There was a time when the plan of the people of León in the area of Villasabariego or Major Manila It consisted of looting the forgotten Roman site of Lancia. No one paid much attention to an ancient city where the Asturians resisted the troops of César Augusto more than 2,000 years ago. Imperial forces eventually subdued the local rebellion and settled in the city, but centuries later these ancient columns, settlements, and other archaeological pieces never ended up in the homes of area residents. This historical legacy has received renewed attention in recent years the Leon Institute of Culture, pending the Diputación, is working to revive this glorious past. The project involves the excavation of this old town and its transformation into a place of tourist and historical interest. For this they have the involvement of the surrounding residents, who bring back remains that they kept in their homes after their ancestors took them, while the León School of Trades replicated stones for free to imitate elements such as plinths and columns worn by the time . .
Located 15 kilometers southeast of the capital, León, the site has 100 hectares that must be analyzed in search of the legacy of the Romans who occupied this space after defeating the Asturians who inhabited the village. The head of the culture department of the Diputación and vice-president of the Leonés cultural institute, Pablo López, explains that the incomparable value of Lancia lies in how the invaders coexisted with the architecture of their predecessors in the peninsula, during the four centuries that Lancia depended was upon Rome how the occupation produced baths, palaces and markets, the remains of which can be seen both from the ground and from the air. “The first excavations took place in the 19th century, there was also work in the 20th century and especially in the 1960s, but they were unprotected, apart from the fact that in the 1990s the young people went to dig and found many remains says López, highlighting that the Diputación addressed the site in 2019. Until then, metal detectors and amateur archaeologists have devastated this cultural heritage. Since then, with an investment of 2.5 million euros, they have bought plots of land from individuals to study them further and the Lancia areas have been differentiated with gravel of different colors, in addition to the consolidation and restoration of the finds.
An example is the recovery of a monolithic column that was kept in the Diputación until it was revealed that it belonged to this mythical city and was returned to its origin. Decades of mistreatment is even reflected in the fact that infrastructures such as the road that connects León to Valladolid have been partially built on this land, causing the loss of many valuable elements. The coordinator of this facility that carries out the advances, Emilio Gancedo, highlights the simple improvements that make it possible to visit these ancient treasures: “We want to bring them back to the place they deserve, we have started to improve access to put up explanatory panels and create accessible corridors.”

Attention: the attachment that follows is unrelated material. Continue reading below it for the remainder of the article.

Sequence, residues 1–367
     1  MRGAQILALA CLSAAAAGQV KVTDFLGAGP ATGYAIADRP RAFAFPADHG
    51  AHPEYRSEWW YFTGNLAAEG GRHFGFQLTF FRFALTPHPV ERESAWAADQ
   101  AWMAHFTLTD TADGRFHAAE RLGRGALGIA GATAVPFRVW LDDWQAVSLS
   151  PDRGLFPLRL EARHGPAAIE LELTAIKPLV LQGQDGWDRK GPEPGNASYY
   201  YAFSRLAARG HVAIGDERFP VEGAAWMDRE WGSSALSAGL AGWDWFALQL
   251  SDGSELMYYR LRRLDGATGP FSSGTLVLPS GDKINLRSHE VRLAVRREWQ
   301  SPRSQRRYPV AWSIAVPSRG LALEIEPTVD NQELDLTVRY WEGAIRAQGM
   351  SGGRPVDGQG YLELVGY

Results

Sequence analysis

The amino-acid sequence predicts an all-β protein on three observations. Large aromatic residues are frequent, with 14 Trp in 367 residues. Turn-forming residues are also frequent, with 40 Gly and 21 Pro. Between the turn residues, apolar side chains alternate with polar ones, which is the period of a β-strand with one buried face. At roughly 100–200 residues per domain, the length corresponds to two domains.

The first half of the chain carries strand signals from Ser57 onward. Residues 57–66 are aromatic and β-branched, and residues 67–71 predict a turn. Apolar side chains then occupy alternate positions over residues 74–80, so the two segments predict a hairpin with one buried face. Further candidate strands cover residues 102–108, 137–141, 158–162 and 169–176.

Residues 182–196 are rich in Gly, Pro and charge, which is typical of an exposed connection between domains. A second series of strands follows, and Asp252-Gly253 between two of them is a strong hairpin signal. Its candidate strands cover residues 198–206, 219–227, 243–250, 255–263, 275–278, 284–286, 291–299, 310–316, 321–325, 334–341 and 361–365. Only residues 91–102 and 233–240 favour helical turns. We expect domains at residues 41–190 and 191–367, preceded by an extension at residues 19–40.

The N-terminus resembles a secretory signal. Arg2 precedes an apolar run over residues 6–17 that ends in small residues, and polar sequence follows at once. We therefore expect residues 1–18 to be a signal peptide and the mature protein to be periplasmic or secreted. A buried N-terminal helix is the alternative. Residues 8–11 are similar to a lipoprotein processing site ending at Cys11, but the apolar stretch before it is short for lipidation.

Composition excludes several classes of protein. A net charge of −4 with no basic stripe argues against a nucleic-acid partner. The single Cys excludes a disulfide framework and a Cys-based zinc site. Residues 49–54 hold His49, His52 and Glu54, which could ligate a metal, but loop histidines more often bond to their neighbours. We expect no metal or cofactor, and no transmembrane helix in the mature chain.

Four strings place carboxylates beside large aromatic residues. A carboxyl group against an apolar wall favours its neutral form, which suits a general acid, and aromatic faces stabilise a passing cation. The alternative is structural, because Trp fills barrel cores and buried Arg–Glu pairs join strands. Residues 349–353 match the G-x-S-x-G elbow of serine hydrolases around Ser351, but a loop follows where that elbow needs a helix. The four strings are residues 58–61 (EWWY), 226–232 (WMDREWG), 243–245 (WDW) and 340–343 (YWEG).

The link between times has made young Daniel Sánchez, 23, the guide for those interested in this complex. The art historian from the University of León, who is pursuing a master’s degree in European culture and thought towards a doctoral thesis, combines his education with the dissemination of this heritage. “Lancia is one of the most important archaeological sites in the province, located between the Porma and Esla rivers and the towns of Mansilla Mayor and Villasabariego, it is a large site where pieces dating back to the Palaeolithic have been found” , states the guide , a fellow of the Leonese Institute of Culture, who estimates its relevance “during the second Iron Age of the Iberian Peninsula in the Asturian sphere of influence”. In the year 25 BC The army of Publio Carisio conquered this settlement during the wars of the tribes of the north of the peninsula against the Romans and it was renamed throw either Civitas Lanciensis. Sánchez points out that the victors didn’t level it, but kept it as a symbol of their victory and began to build on it. The most important remains that survive are the foundations of a central part of the Roman city: the baths, the market, corrals, storehouses and some dwellings, “although there are many other excavated sites scattered over a large area”. “The last big find, the city forum, is still being excavated,” adds the historian, because this is the major goal of those responsible for revitalizing the city.
The process of restoring the splendor of this area has motivated the town’s craft school, which has a stone carving workshop and uses original Boñar limestone to carve new pieces to replace the lost ones. The initiative surprised those responsible for Lancia’s salvage, who also welcome the fact that, according to López, “people have offered materials that were found with detectors at the time and that they guarded in their homes, there are hundreds of pieces in the cities, people are aware of this and want to give back the heritage. The coordinator of this Leonese institute, Emilio Gancedo, points to “the epic story of Lancia” as the main argument to commemorate this “cruel fight between all the Asturian tribes against the Romans as in the Asterix comics”.
One of the most important tasks has fallen to Daniel Sánchez, who is responsible for informing the public about Lancia’s milestones. The historian from Sanabria (Zamora) has lived in León for six years and, as an adopted son, feels “proud to give Lancia the importance it deserves, it is a very precious Roman city”. Those who come to the site and see the advances and new discoveries there have a guide who is happy to tell them everything he knows: “To have the opportunity to help and teach people everything that this city was, is a joy.”